Can a blood test determine if you’re over the legal alcohol limit in Nebraska?

Yes, blood tests measure alcohol levels and can show if they’re above the legal limit.

What are the legal alcohol limits in Nebraska for driving?

Legally, a BAC of 0.08 or more is considered driving under the influence.

What are the penalties for a first-time DUI offense in Nebraska?

Penalties typically include 0- 60 days in jail, a $500 fine, and a six-month license suspension.

How does Nebraska’s implied consent law affect DUI cases?

By driving in Nebraska, you agree to chemical tests, which can be used against you in court.

What if the blood test in your DUI case was improperly handled?

Improper handling can challenge the test’s reliability and impact the case’s outcome.

What are the consequences of a high BAC in a Nebraska DUI case?

A high BAC can lead to harsher penalties, including longer jail time and larger fines.

Can you request an independent blood test in Nebraska after a DUI arrest?

Yes, you can request a second test from a doctor of your choice for verification.

Are there defenses against DUI charges based on blood test results?

Yes, some defenses might include questioning test accuracy and handling, and legal rights violations.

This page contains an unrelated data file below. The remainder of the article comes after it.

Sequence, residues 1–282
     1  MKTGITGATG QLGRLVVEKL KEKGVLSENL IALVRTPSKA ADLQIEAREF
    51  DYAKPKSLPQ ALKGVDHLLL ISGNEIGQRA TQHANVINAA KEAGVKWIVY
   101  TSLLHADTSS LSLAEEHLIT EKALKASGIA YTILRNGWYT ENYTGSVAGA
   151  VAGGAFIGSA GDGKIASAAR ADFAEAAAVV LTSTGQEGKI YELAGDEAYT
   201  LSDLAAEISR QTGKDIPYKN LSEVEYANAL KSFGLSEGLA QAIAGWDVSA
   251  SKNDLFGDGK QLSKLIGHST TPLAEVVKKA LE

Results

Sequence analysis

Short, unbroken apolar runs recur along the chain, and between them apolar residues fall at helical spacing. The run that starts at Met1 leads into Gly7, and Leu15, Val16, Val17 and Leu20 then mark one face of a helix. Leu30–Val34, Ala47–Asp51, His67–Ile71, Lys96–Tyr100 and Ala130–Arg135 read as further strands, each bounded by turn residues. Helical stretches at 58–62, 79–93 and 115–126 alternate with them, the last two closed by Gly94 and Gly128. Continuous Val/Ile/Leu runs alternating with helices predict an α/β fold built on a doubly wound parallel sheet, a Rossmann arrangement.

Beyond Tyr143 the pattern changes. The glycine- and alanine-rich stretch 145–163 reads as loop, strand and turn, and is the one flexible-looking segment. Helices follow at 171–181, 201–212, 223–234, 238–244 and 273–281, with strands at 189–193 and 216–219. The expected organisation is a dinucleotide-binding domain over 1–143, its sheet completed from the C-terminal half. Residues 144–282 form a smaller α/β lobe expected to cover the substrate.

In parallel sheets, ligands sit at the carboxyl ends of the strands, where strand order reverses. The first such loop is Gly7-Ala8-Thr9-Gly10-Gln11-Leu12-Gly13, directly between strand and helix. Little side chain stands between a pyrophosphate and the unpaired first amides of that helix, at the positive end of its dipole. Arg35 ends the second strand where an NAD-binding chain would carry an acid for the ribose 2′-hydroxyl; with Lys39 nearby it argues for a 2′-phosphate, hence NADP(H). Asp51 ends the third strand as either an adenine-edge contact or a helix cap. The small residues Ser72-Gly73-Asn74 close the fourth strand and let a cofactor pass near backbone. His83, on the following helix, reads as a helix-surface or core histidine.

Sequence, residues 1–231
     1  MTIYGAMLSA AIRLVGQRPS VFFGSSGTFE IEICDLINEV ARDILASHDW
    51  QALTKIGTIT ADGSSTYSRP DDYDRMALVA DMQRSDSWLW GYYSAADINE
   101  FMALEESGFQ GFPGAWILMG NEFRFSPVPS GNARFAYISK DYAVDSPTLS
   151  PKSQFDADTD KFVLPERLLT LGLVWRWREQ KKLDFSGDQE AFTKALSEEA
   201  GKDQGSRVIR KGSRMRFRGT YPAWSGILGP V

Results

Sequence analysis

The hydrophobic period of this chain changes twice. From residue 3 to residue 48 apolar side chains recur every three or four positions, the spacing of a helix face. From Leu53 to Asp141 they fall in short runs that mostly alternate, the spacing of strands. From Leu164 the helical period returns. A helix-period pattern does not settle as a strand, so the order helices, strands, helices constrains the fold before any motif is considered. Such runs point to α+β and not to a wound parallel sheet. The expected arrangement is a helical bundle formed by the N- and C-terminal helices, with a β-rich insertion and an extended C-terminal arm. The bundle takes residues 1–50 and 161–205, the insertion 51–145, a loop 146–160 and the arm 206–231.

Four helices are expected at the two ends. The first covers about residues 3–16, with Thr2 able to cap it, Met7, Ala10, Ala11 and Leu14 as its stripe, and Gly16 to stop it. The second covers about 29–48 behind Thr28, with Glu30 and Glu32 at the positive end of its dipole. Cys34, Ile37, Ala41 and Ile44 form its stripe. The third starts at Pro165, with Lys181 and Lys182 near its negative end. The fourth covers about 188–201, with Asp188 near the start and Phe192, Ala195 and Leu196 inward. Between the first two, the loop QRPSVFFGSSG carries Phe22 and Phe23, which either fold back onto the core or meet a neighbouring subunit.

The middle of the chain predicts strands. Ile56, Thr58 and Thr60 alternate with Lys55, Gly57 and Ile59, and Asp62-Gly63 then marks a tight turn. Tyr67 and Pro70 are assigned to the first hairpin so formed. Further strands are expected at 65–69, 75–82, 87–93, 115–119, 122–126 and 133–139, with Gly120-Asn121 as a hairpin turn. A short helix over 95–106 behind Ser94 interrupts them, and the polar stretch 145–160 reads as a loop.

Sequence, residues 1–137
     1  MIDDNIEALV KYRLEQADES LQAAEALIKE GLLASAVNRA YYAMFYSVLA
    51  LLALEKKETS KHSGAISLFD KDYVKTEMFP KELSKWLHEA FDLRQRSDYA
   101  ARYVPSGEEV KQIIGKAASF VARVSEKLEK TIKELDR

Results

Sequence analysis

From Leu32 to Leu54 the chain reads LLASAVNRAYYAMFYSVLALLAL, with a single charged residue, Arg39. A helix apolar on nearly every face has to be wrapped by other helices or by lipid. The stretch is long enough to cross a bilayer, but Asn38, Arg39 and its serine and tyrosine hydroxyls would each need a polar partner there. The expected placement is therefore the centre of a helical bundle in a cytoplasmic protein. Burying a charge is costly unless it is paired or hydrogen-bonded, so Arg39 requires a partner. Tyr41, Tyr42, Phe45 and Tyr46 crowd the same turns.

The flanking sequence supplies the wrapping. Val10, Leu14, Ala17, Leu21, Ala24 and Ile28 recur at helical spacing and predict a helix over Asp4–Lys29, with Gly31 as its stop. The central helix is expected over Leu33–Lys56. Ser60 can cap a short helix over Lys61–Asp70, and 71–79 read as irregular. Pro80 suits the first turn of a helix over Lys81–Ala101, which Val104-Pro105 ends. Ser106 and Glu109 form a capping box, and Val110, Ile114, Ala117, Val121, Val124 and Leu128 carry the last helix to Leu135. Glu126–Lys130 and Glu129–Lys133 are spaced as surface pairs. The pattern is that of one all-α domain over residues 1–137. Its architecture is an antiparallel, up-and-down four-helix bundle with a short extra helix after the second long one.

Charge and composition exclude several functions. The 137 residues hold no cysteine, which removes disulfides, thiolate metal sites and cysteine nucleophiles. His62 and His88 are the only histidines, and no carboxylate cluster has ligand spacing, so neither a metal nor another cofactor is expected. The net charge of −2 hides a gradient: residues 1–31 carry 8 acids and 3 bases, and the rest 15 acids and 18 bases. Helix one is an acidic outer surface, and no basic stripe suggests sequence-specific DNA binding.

How can a DUI attorney help in a Nebraska DUI case?

They provide legal advice, represent in court, challenge evidence, and negotiate lesser charges or sentences.

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Additional Resources

DUI Blood Tests: This article discusses the qualifications of those who take blood tests and whether police need a warrant to take a blood test from a suspect, among other topics. Also covers potential challenges to the results of DUI blood tests and whether the tests are reliable.

Supreme Court Decision on BAC in DUI Case: Discusses the 2016 decision of the US Supreme Court about ways law enforcement officers can obtain and use chemical blood alcohol content (BAC) tests in cases of suspected impaired driving. The Court in one case held that taking a blood sample amounted to an unconstitutional search. The article notes that the decision spurred at least five defendants to appeal tests to the Nebraska Supreme Court and may result in some changes to law enforcement’s practices and procedures to do with blood tests.

Blog on Blood Tests as Evidence: This post discusses a 2018 Nebraska Supreme Court decision on blood tests from hospitals in DUI investigations. The Nebraska Supreme Court held that a hospital blood draw is admissible against the Defendant at trial.

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Find a DUI Lawyer in Omaha, Nebraska

The attorneys at Liberty Law Group are ready to defend you in the case of an ordered breath test.

Our firm proudly serves Omaha in Douglas County, including Lincoln in Lancaster County, Papillion in Sarpy County, Fremont in Dodge County and Council Bluffs in Pottawattamie County, Iowa and the surrounding areas. If you or a loved one has been charged or is under investigation for domestic violence, don’t wait, call our firm immediately at (402) 865-0501 to request a free consultation to discuss the facts of your case.